Journal of Family Medicine and Primary Care

: 2019  |  Volume : 8  |  Issue : 9  |  Page : 3035--3038

Primary pulmonary nocardiosis by Nocardia brasiliensis: A case report and review of Indian literature

Sanju Pannu1, Ashok K Pannu2,  
1 Department of Medical Microbiology, Sardar Patel Medical College, Bikaner, Rajasthan, India
2 Department of Internal Medicine, 4th Floor, F Block, Post Graduate Institute of Medical Education and Research, Chandigarh, India

Correspondence Address:
Dr. Ashok K Pannu
Department of Internal Medicine, 4th Floor, F Block, Post Graduate Institute of Medical Education and Research, Chandigarh - 160 012


Infection by Nocardia brasiliensis is usually localized to the skin but can rarely spread to the lung, brain, or multiple sites particularly in the immunocompromised hosts. Moreover, primary systemic involvement without cutaneous disease is an extremely rare case. In the current study, we present a case of primary pulmonary nocardiosis caused by a multi-drug resistant N brasiliensis along with a review of the cases reported from India.

How to cite this article:
Pannu S, Pannu AK. Primary pulmonary nocardiosis by Nocardia brasiliensis: A case report and review of Indian literature.J Family Med Prim Care 2019;8:3035-3038

How to cite this URL:
Pannu S, Pannu AK. Primary pulmonary nocardiosis by Nocardia brasiliensis: A case report and review of Indian literature. J Family Med Prim Care [serial online] 2019 [cited 2021 Jun 20 ];8:3035-3038
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Pulmonary infections, despite being the leading infectious cause of hospitalization and death worldwide, are often misdiagnosed, mistreated, and underestimated. Diagnosis is usually made by clinical features (history and physical examination) and chest imaging. Establishing a microbial etiology is necessary where unusual or drug-resistant pathogens are suspected in patients with immunocompromised states or in patients who are not responding to empirical antimicrobial agents. Culture and susceptibility data enable pathogen-directed therapy and show trends in antimicrobial resistance.[1]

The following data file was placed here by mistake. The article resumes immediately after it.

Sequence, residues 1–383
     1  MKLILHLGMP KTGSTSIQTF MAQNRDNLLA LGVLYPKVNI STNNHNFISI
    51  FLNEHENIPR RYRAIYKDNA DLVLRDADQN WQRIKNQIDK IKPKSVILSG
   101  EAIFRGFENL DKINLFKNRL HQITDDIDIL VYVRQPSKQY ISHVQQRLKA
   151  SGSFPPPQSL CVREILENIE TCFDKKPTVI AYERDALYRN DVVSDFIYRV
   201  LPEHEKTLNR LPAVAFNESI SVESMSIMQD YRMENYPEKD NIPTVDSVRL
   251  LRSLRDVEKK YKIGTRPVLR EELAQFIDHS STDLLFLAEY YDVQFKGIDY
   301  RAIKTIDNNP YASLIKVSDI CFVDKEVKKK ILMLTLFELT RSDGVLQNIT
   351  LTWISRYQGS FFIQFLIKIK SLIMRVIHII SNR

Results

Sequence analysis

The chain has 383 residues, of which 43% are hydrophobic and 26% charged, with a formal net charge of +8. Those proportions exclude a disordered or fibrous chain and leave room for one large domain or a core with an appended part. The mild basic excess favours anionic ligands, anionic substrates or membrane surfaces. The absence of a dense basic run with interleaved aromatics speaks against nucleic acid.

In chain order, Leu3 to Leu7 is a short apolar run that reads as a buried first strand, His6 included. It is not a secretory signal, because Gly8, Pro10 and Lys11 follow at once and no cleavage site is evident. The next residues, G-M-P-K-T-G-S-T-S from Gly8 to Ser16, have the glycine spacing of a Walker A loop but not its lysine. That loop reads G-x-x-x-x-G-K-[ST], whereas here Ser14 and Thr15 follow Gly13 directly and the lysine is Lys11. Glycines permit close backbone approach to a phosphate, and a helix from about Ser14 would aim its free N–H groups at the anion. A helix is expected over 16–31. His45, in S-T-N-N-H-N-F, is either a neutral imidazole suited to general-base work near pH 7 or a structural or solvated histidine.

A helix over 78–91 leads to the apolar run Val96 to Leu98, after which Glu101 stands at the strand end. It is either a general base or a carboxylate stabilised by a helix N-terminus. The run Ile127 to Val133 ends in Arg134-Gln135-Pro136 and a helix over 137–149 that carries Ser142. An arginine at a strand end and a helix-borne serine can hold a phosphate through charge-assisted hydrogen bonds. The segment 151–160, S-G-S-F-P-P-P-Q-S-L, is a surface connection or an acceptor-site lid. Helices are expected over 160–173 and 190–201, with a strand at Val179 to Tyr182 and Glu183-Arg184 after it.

Nocardiosis is an uncommon pulmonary infection and is only kept as differential in cases of nonresolving pneumonia in patients with compromised cell-mediated innate immunity. The majority of cases of pulmonary nocardiosis are caused by Nocardia asteroides and the drug of choice is cotrimoxazole.[2],[3] We recently had the opportunity of observing a patient with acute fatal pulmonary nocardiosis caused by a multi-drug resistant N brasiliensis.

 Case Description

A 65-year-old gentleman was admitted with high-grade fever, productive cough, and rapidly progressive dyspnea for 7 days in a medical intensive care unit.